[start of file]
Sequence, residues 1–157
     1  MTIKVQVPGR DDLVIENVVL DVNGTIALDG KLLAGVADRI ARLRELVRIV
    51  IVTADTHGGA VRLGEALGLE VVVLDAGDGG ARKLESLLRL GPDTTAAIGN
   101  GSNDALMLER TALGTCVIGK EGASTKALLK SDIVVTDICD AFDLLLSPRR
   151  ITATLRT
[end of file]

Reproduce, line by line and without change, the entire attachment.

Sequence, residues 1–157
     1  MTIKVQVPGR DDLVIENVVL DVNGTIALDG KLLAGVADRI ARLRELVRIV
    51  IVTADTHGGA VRLGEALGLE VVVLDAGDGG ARKLESLLRL GPDTTAAIGN
   101  GSNDALMLER TALGTCVIGK EGASTKALLK SDIVVTDICD AFDLLLSPRR
   151  ITATLRT